Sunday, December 5, 2010
The job situation: December 2010
To date, not one of the people I contacted for a kitchen job has called me back. Not all that surprising for those who just said to drop off a job application. A bit more surprising in the case of Matt Woolston of The Supper Club and David Feldman at Matteo's Pizza and Bistro, since they had been communicating up until I met the enigmatic Mr. Feldman.
Granted, I was asking them for something, not the other way around. If they'd never said to keep in touch, or that they would contact me, I'd have no issue. But they did. Shouldn't this mean that they should at least follow up with an e-mail?
I would have understood if he'd said, "We only hire people with previous restaurant experience, and being in a culinary arts program does not count." Even, "Call us when you complete the program." Even "Go away and never come back." That would have been direct and straightforward. But "I'll contact you when I'm not busy" leaves an expectation that my qualifications were acceptable and that hiring at some future date could be a possibility - and that further communication would actually happen.
I continued for a while to send updates to Matt Woolston, who had previously replied almost immediately. Now, the rule had become absolute silence on his part. Ditto for Mr. Feldman, as the messages were cc'ed to him.
I find it very strange that prior to actually meeting them, these people replied quickly to my e-mails, and were more than willing to communicate. Yet, strangely after meeting with Dave Feldman, neither he nor Matt Woolston would even acknowledge my existence. My past experience hadn't changed - in fact, I'm more qualified now than I was then due to having completed more lessons and prepared more dishes in class. Yet, absolute silence.
I started to ponder what factor could have caused such a drastic change of attitude. I had gone to the interview well dressed, with short, clean hair. I spoke clear English, and did not ask for an advanced position nor too much money (unless "anything minimum wage or above" classifies as "exorbitant").
Could it be that I was not the typical nineteen year old student looking for his first job? Could it be that actual experiences and a life were a liability? Could these people actually be practicing age discrimination? If David Feldman was not practicing age discrimination, wouldn't he have asked me to fill out a job application as proof? He could always trash the application when I left, but at least I'd have felt that he was at least somewhat sincere.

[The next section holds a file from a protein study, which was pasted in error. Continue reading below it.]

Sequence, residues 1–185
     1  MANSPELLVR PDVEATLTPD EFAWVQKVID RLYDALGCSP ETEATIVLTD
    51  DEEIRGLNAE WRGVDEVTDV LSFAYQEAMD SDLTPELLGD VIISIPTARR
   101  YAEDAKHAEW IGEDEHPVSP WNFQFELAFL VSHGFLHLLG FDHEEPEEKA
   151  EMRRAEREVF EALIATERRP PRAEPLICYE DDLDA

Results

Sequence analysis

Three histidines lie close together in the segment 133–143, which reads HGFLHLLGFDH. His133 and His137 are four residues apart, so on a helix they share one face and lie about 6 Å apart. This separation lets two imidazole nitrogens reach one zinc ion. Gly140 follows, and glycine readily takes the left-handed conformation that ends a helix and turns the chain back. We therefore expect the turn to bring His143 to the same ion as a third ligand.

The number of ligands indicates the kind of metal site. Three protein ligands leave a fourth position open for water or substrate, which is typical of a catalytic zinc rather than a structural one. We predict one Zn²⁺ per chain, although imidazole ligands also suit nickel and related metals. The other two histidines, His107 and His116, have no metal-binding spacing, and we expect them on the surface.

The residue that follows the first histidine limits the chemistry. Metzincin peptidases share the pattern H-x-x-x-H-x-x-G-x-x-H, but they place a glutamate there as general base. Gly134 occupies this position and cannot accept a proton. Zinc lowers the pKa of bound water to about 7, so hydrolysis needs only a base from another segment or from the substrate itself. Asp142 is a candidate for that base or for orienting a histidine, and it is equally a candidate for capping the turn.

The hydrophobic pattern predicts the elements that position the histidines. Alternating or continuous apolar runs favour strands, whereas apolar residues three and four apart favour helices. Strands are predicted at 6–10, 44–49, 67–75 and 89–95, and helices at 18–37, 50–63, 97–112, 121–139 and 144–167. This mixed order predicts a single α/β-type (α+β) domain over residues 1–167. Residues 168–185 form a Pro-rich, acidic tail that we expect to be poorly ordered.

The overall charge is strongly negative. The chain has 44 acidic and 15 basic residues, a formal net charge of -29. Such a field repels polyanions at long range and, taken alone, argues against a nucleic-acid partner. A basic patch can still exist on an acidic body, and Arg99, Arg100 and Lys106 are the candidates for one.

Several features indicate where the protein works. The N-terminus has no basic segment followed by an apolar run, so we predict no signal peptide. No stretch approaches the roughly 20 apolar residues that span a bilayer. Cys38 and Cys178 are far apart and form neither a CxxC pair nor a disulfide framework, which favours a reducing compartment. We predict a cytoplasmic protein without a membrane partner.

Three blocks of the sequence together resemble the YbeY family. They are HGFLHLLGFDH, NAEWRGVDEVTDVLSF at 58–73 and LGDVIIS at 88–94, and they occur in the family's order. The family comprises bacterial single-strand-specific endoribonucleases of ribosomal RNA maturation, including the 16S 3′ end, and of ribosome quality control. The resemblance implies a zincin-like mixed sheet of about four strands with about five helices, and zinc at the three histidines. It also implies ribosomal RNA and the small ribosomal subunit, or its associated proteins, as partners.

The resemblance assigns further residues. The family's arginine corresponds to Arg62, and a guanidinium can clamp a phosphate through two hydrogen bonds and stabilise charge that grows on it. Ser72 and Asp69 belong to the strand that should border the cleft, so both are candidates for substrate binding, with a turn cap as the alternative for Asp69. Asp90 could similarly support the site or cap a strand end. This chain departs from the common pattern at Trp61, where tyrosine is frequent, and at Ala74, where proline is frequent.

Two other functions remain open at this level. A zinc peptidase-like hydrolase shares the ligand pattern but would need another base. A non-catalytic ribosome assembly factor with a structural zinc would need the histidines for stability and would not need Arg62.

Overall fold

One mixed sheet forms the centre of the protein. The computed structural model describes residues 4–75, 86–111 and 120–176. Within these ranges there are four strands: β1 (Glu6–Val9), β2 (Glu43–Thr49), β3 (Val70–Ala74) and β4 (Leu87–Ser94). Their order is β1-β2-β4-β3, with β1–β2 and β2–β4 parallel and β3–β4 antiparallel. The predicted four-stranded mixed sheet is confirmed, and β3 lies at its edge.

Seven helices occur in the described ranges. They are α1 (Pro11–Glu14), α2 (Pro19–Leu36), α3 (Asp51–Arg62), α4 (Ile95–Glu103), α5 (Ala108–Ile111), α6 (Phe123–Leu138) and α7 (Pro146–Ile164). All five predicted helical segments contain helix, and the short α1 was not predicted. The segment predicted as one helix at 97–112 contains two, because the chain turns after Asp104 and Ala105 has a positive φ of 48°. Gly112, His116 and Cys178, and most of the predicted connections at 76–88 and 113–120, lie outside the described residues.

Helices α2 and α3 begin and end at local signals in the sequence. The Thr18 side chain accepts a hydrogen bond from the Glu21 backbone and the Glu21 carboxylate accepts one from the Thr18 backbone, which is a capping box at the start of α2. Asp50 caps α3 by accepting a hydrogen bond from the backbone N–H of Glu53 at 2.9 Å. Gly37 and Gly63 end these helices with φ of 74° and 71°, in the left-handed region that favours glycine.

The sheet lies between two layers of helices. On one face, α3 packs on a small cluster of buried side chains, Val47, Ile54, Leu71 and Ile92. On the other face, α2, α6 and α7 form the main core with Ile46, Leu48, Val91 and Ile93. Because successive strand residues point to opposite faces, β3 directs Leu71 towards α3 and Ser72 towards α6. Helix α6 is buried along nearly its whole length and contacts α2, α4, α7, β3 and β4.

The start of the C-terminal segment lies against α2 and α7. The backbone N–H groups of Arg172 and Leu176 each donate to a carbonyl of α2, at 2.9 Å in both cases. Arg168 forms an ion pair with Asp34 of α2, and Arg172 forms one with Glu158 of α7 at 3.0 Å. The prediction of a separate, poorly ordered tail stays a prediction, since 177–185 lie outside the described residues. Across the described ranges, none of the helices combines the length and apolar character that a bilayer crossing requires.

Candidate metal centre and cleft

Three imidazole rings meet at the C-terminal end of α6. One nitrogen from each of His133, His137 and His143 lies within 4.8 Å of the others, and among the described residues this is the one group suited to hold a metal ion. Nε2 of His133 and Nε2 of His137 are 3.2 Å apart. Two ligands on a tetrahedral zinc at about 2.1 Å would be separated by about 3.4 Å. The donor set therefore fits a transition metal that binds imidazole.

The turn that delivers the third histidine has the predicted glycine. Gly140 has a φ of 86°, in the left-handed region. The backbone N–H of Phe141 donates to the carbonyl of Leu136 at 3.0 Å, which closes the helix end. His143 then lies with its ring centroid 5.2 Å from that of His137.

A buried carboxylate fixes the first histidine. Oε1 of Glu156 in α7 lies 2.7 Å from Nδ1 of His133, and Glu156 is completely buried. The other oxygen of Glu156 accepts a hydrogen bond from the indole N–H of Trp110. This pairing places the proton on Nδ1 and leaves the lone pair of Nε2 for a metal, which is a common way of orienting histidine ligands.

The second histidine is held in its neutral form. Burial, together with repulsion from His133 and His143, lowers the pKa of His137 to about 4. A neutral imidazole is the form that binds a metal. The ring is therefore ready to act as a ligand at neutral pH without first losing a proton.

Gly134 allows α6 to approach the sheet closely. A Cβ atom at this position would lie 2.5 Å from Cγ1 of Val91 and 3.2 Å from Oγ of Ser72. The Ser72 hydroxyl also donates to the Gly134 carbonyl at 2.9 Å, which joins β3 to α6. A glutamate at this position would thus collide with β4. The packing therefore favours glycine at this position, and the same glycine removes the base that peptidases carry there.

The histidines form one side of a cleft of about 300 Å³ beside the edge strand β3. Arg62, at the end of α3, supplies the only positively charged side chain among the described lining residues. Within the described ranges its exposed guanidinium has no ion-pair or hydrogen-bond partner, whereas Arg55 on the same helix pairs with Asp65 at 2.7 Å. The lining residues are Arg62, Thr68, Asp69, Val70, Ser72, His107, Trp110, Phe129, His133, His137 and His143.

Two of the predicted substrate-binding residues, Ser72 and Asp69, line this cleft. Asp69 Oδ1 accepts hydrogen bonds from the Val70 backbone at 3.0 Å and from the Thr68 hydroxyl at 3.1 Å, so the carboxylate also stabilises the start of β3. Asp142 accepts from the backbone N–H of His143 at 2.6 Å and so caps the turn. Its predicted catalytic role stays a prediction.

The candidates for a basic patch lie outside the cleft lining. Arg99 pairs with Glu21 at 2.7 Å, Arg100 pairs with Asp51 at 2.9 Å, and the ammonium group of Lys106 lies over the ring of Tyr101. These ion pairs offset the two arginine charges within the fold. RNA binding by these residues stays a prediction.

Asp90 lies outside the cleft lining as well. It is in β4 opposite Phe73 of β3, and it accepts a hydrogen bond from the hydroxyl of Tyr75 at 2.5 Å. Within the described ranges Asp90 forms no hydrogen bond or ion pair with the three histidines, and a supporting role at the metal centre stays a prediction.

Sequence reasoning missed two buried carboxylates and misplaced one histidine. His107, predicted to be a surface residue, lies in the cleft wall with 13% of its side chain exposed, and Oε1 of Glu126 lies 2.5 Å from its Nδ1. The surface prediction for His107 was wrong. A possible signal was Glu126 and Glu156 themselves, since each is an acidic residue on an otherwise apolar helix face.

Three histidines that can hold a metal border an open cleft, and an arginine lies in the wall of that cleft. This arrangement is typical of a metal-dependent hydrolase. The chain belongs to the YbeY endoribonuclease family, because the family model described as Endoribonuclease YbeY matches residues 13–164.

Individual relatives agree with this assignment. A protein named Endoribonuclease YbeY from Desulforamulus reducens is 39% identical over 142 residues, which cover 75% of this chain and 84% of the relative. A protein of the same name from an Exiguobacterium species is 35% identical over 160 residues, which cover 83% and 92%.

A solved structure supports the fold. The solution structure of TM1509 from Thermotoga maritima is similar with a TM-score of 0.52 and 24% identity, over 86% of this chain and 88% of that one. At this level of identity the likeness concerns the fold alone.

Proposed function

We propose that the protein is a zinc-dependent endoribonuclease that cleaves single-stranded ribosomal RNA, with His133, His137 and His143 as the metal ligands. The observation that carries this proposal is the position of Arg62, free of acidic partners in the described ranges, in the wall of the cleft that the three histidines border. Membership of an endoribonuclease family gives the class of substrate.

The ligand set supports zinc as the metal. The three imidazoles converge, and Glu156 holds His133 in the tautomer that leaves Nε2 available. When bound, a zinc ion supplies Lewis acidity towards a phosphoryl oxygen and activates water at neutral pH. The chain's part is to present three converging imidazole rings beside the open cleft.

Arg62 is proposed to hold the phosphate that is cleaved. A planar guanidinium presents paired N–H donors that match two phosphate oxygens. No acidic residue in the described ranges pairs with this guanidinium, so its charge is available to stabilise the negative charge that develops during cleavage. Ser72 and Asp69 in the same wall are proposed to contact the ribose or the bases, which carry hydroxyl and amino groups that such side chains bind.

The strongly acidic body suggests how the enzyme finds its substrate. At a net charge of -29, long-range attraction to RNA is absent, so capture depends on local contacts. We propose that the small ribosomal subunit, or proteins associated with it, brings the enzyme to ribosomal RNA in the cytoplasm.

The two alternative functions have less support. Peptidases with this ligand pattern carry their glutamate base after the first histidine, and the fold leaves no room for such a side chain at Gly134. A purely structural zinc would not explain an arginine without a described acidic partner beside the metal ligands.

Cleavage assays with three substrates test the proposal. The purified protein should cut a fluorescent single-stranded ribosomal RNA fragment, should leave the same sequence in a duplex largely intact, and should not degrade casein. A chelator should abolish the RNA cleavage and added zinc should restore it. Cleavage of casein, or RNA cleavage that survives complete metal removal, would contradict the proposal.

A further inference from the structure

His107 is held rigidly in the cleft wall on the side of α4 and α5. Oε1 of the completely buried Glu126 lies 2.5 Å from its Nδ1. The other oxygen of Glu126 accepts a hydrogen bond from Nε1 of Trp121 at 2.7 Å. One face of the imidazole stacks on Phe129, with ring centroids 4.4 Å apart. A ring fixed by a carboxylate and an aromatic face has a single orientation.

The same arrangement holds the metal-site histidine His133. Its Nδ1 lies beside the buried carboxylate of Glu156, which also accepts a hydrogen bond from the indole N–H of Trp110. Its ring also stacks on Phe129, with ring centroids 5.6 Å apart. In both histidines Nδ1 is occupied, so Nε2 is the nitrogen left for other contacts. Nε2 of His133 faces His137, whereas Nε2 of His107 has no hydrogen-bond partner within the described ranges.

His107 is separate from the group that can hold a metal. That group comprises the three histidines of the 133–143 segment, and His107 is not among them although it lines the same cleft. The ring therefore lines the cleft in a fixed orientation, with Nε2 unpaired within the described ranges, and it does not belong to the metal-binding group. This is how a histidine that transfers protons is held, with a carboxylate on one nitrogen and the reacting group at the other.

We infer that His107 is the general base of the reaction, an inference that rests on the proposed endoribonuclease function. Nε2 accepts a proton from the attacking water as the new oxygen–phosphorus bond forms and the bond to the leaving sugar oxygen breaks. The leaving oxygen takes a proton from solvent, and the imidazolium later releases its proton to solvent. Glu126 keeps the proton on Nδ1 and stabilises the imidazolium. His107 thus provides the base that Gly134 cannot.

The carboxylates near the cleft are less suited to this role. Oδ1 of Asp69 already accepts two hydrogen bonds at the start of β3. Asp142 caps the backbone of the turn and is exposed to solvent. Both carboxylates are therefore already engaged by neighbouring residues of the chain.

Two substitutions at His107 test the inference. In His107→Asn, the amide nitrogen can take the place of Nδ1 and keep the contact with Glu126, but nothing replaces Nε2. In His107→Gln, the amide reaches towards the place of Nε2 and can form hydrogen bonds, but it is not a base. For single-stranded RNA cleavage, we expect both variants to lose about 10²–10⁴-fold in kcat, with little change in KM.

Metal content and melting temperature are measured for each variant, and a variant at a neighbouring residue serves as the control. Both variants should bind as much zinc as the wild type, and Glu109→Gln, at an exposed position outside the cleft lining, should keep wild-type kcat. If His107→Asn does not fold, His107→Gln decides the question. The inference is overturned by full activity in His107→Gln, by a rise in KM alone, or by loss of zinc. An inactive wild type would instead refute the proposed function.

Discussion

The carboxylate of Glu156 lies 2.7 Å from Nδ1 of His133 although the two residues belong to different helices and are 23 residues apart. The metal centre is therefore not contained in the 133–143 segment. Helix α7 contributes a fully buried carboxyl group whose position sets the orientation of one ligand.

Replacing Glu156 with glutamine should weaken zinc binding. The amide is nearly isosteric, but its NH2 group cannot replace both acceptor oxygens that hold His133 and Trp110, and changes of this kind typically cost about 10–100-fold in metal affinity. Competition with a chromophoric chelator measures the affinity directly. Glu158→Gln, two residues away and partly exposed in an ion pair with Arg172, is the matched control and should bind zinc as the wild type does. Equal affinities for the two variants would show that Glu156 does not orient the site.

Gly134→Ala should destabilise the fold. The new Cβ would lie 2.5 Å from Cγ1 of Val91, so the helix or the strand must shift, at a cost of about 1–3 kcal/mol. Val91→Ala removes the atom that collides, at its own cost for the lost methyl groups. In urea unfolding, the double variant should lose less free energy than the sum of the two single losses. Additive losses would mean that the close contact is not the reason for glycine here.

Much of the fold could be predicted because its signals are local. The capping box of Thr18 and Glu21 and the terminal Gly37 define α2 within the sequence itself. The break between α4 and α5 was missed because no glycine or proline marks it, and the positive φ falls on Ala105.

I talked to some friends about looking for work when you're no longer under 25. One said to die my hair, the darker the better. Another said to eliminate all college degrees from my resume. "Lie about your restaurant experience" added another. One wise person said, "Do all three. It can't hurt, and since they're not hiring you when you're honest, what have you got to lose?". Another said, "Too bad they only want people with no experience or other skills that could really be useful - like photography and sketching. Not to mention having eaten food in a lot of restaurants in a lot of different places so they know what it should taste like. Guess they just want young and cheap." As opposed to older and cheap, I suppose.
Perhaps saying "I'll get in touch when I'm not busy" is equivalent to the "emergency powers" clause of a banana republic's constitution, where all kinds of rights are granted to the people, but can be suspended under certain conditions. All the dictator need do is declare the conditions present and suspend all constitutional rights indefinitely. So, presumably he knew he would always be busy, thereby negating his need to ever recontact me. This still doesn't explain Matt Woolston's silence, but at least it's an explanation that any Vulcan would accept.